The actin filament cross-linker L-plastin confers resistance to TNF-alpha in MCF-7 breast cancer cells in a phosphorylation-dependent manner.
- Tumor Microenvironment
- Genomics Center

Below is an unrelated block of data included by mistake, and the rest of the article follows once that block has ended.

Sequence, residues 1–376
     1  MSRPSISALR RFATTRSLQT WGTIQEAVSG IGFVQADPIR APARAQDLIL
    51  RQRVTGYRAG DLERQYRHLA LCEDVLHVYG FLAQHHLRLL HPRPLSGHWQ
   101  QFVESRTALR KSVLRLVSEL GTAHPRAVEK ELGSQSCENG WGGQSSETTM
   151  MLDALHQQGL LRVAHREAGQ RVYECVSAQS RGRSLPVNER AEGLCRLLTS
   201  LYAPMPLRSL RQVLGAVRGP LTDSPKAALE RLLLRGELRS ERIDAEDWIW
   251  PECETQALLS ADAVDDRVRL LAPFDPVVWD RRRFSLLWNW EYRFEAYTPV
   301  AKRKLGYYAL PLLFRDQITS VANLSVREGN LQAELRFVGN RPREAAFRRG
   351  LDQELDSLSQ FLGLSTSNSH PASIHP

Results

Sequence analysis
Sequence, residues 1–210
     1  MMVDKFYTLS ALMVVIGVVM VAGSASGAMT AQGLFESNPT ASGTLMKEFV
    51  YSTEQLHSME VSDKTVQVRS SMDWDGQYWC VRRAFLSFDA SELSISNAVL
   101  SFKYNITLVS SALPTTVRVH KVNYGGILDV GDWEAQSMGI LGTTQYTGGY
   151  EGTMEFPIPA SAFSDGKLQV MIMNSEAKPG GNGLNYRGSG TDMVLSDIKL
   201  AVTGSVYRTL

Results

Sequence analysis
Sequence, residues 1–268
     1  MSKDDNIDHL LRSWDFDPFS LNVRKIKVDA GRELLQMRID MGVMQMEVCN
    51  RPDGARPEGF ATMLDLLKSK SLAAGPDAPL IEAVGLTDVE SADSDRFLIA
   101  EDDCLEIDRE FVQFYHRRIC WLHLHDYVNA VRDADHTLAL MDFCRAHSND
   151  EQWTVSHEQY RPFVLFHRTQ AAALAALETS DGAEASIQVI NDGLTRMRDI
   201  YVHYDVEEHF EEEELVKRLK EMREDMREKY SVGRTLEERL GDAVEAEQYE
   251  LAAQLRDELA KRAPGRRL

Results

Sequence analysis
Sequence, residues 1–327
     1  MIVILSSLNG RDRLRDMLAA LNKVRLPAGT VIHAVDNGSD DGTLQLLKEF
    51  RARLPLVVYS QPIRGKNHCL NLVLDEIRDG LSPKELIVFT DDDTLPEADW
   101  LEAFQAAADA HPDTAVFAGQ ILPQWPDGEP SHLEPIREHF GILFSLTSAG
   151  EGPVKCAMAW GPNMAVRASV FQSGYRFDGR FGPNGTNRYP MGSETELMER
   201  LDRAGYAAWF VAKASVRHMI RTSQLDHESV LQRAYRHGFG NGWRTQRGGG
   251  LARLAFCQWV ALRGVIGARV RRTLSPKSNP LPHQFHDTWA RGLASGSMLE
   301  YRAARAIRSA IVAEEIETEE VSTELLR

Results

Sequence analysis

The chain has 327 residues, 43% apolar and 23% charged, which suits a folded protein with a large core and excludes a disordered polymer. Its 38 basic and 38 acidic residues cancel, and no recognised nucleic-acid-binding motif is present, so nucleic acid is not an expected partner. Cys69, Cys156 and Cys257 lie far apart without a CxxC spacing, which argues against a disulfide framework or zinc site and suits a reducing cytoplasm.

Abstract We used a TNF-resistant breast adenocarcinoma MCF-7 cell line to investigate the involvement of the actin cytoskeleton in the mechanism of cell resistance to this cytokine. We found that TNF-resistance correlates with the loss of cell epithelial properties and the gain of a mesenchymal phenotype, reminiscent of an epithelial-to-mesenchymal transition (EMT). Morphological changes were associated with a profound reorganization of the actin cytoskeleton and with a change in the repertoire of expressed actin cytoskeleton genes and EMT markers, as revealed by DNA microarray-based expression profiling. L-plastin, an F-actin cross-linking and stabilizing protein, was identified as one of the most significantly up-regulated genes in TNF-resistant cells. Knock-down of L-plastin in these cells revealed its crucial role in conferring TNF-resistance. Importantly, overexpression of wild type L-plastin in TNF-sensitive MCF-7 cells was sufficient to protect them against TNF-mediated cell death. Furthermore, we found that this effect is dependent on serine-5 phosphorylation of L-plastin and that non-conventional PKC isoforms and the ceramide pathway may regulate its phosphorylation state. The protective role of L-plastin was not restricted to TNF-alpha resistant MCF-7 cells since a correlation between the expression of L-plastin and the resistance to TNF-alpha was observed in other breast cancer cell lines. Together, our study discloses a novel unexpected role of the actin bundling protein L-plastin as a cell protective protein against TNF-cytotoxicity.